Public Services and Procurement Canada
Symbol of the Government of Canada

Institutional Links


Important notice

The Canadian Style has been archived and won’t be updated before it is permanently deleted.

For the most up-to-date content, please consult Writing Tips Plus, which combines content from Writing Tips and The Canadian Style. And don’t forget to update your bookmarks!


7.05 Ellipsis points

Use three ellipsis points (. . .) to indicate a silence in dialogue, hesitation or interruption in speech, a pause in narrative, or the passage of time. Used in this way, they are sometimes also referred to as suspension points:

  • "What is your approach to self-actualization?"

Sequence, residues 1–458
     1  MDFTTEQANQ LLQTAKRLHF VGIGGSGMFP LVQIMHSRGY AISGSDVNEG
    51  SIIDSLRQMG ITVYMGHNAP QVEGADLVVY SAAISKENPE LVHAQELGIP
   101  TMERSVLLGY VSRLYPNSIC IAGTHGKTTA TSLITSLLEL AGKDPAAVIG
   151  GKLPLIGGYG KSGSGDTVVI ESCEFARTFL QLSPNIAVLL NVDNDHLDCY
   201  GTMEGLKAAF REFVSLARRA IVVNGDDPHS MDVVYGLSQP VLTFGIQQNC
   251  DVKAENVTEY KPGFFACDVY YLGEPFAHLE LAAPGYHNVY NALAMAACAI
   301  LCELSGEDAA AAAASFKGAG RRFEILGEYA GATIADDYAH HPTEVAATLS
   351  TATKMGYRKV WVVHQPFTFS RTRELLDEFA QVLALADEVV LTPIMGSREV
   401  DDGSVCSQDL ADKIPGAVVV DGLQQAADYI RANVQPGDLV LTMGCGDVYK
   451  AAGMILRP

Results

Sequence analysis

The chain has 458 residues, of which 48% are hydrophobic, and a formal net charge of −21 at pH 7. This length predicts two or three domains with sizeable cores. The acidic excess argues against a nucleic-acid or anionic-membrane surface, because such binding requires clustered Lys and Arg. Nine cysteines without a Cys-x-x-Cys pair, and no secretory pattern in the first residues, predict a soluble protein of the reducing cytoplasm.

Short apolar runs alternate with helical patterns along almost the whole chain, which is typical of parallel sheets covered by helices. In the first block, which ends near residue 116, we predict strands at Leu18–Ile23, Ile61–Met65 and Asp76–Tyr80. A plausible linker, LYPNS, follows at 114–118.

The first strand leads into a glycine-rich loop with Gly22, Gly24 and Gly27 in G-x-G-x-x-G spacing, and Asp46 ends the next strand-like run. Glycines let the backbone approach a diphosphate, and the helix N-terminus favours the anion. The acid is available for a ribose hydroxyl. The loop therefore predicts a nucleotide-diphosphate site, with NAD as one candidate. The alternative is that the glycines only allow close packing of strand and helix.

" . . . "
    "Let me rephrase that."
  • The Minister’s speech dragged on and on . . . until, finally, the TV announcer’s voice broke the monotony.

Ellipsis points may be substituted for etc. and similar expressions at the end of a list:

  • nuts
  • bolts
  • screws
  • . . .

Do not use ellipsis points to imply hidden meanings or to separate groups of words for emphasis, as is often done in advertising.

For the use of ellipsis points to indicate omissions in quotations, see 8.09 Omissions.